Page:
November 18, 2020

T&I Committee Leaders Criticize Final FCC Vote to Reallocate Part of 5.9 GHz Spectrum Band

Chair DeFazio and Ranking Member Graves join safety advocates, the U.S. Department of Transportation and state transportation agencies in all 50 states in expressing serious concerns over FCC plan to share “safety band” spectrum with unlicensed operations.

Washington, D.C. — Today, Chair of the House Committee on Transportation and Infrastructure Peter DeFazio (D-OR) and Ranking Member of the House Committee on Transportation and Infrastructure Sam Graves (R-MO) criticized the Federal Communications Commission (FCC) for finalizing its proposal to reallocate more than half of the 5.9 gigahertz (GHz) radio frequency band (or Safety Band) for unlicensed use, such as Wi-Fi. Additionally, the FCC proposal “chooses” the Cellular Vehicle-to-Everything (C-V2X) technology standard over the longstanding, proven Dedicated Short-Range Communications (DSRC) standard—directly going against the auto industry’s market-based solution and creating uncertainty for the tens of thousands of DSRC equipped vehicles and devices in use today.   
“Today’s FCC vote is a gift to corporate interests at the expense of public safety. It’s highly disappointing the FCC chose to look past multiple concerns raised over the past year by a bipartisan coalition of T&I Committee members, numerous transportation agencies and advocates, and even Transportation Secretary Elaine Chao,” Chair DeFazio said. “By redistributing spectrum for corporate interests, the FCC jeopardizes ongoing efforts to modernize our transportation systems with emerging technologies that reduce congestion, cut carbon pollution, and critically, make our streets safer for everyone. Additionally, the FCC—which does not have expertise in transportation safety—has prematurely chosen a winner in the DSRC vs. C-V2X transportation safety debate. This unnecessary ruling will undermine decades of development and over a billion public dollars that the transportation community has invested in these technologies. While today’s vote is unfortunate, we are urging GAO for further study and will keep fighting this decision with all the tools at our disposal.” 
“States, localities, and many stakeholders employ and continue to develop new uses for this critical spectrum that has been reserved specifically for transportation safety and infrastructure, but now the FCC’s action will unnecessarily set back advancements and delay the real-world application of innovations that can save lives, like connected vehicle technologies,” said Ranking Member Graves.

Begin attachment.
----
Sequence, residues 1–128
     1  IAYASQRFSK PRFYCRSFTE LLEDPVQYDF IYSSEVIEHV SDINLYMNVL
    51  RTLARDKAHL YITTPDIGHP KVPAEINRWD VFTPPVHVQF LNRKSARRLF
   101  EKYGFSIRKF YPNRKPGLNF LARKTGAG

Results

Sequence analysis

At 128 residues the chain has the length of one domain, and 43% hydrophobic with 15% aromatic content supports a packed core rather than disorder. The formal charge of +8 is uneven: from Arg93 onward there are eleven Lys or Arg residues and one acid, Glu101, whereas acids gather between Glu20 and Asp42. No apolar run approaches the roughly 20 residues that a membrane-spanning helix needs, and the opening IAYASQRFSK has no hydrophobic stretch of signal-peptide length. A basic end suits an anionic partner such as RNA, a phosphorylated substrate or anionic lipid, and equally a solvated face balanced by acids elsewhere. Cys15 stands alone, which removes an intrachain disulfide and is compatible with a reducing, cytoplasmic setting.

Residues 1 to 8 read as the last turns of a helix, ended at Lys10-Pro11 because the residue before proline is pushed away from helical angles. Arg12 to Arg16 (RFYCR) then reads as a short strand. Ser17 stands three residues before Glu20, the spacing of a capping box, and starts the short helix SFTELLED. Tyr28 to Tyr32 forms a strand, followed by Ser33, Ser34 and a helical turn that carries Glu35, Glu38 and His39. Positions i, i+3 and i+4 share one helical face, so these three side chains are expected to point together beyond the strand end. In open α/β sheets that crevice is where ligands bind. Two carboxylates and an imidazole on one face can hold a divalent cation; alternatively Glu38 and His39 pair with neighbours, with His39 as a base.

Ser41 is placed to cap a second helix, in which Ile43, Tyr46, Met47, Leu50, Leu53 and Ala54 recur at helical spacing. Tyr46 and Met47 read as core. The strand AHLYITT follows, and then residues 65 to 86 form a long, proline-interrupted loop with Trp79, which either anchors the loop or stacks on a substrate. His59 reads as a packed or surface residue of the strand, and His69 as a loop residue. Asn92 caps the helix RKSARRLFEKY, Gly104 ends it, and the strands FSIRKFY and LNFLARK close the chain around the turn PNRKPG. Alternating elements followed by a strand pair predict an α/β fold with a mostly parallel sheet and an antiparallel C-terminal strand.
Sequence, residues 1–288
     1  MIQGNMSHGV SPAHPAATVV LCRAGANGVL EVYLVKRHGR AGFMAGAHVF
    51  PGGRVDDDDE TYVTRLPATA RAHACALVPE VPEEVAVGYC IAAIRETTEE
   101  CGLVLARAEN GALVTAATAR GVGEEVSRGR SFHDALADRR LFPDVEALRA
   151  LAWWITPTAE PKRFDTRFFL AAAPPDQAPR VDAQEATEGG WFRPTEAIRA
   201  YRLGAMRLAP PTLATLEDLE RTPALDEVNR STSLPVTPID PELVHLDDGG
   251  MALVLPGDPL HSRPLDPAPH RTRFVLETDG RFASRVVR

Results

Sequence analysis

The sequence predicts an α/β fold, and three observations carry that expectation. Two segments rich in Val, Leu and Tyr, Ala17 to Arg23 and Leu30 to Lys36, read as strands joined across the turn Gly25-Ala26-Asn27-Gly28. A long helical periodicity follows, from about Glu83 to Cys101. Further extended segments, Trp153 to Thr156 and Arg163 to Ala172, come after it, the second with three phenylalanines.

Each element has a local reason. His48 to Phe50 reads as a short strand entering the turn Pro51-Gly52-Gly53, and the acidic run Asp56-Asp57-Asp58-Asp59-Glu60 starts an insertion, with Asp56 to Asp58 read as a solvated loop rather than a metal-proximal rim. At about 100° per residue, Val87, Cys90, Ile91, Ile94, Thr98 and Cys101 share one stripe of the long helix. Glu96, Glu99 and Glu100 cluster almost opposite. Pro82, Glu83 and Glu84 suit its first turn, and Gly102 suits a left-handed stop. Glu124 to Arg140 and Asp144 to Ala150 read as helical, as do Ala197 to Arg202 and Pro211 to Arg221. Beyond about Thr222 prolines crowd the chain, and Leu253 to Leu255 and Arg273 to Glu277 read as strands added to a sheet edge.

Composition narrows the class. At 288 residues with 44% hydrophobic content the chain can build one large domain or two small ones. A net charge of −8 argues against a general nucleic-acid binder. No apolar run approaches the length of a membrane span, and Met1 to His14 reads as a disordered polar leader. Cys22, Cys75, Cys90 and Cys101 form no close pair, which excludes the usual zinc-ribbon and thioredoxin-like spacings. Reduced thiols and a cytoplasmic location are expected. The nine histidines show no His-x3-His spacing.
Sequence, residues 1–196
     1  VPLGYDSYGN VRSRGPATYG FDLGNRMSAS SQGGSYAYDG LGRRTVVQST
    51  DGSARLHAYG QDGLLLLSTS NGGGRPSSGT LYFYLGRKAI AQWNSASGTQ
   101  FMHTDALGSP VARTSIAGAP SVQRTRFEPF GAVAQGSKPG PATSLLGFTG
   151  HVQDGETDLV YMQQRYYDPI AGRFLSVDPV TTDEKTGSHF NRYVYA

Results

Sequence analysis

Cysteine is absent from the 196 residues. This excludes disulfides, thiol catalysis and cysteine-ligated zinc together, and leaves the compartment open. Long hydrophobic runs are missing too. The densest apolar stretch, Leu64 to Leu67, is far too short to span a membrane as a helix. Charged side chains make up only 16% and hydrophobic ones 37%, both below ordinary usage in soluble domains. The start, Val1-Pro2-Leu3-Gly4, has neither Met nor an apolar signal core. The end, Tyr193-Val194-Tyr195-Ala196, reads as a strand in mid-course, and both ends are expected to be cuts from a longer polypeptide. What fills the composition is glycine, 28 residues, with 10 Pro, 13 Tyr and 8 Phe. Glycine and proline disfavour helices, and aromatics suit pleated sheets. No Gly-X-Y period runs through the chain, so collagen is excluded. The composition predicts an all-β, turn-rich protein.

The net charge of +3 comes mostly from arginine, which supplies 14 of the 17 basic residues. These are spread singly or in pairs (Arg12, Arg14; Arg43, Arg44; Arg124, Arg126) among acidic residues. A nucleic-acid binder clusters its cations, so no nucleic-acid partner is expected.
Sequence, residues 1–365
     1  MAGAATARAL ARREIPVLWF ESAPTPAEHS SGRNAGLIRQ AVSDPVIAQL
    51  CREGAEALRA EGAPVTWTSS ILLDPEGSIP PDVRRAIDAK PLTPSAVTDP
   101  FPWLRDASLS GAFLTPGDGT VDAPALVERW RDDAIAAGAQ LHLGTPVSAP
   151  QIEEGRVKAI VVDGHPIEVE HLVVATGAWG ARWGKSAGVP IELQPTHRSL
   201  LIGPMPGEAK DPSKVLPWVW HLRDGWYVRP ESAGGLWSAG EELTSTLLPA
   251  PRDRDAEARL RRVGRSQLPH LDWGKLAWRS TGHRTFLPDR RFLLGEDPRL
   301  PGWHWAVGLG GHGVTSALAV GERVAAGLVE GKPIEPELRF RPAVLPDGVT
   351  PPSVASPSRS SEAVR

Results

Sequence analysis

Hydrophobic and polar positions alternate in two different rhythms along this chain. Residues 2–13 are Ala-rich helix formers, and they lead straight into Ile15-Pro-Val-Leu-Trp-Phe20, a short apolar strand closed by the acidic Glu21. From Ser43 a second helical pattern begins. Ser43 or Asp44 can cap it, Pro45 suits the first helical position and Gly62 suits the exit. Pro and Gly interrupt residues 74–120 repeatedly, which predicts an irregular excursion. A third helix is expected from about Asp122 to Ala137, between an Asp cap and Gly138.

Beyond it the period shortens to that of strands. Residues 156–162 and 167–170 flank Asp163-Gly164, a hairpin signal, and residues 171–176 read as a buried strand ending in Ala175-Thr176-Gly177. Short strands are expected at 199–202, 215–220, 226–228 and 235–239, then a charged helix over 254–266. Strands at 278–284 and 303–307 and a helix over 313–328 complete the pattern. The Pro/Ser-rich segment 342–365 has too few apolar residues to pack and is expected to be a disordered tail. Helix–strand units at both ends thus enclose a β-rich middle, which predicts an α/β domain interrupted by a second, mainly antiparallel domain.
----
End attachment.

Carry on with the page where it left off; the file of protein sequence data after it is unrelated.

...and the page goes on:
In 1999, the FCC reserved the entire 5.9 GHz spectrum band for advanced vehicle safety technologies that enabled cars to communicate with other connected vehicles as well as “smart infrastructure” devices such as connected traffic signals. These technologies have reduced crashes and improved the flow of traffic, and their further deployment in the near future will transform our surface transportation system. Should the FCC’s proposal go into effect, current vehicle safety technologies will be undermined, and the future deployment of such technologies may be stifled for decades due to the lack of “safety band” spectrum availability.

Additional Background:
In November 2019, DeFazio sent a letter to the Chairman of the FCC Ajit Pai to express his serious concern over the FCC’s plans to sell off part of the 3.7-4.2 GHz spectrum band and open the 5.9 GHz spectrum band to commercial and private interests. To learn more, click here.
In January 2020, DeFazio, Graves, and 36 Members of the House Committee on Transportation and Infrastructure sent a letter to the FCC to raise serious concerns with the agency’s plan to redirect more than half the 5.9 GHz spectrum band. To learn more, click here.
In October 2020, DeFazio and Graves sent a letter to U.S. Government Accountability Office Comptroller General Gene Dodaro requesting the agency conduct a study into the safety implications of sharing more than half of the 5.9 GHz spectrum band. To learn more, click here.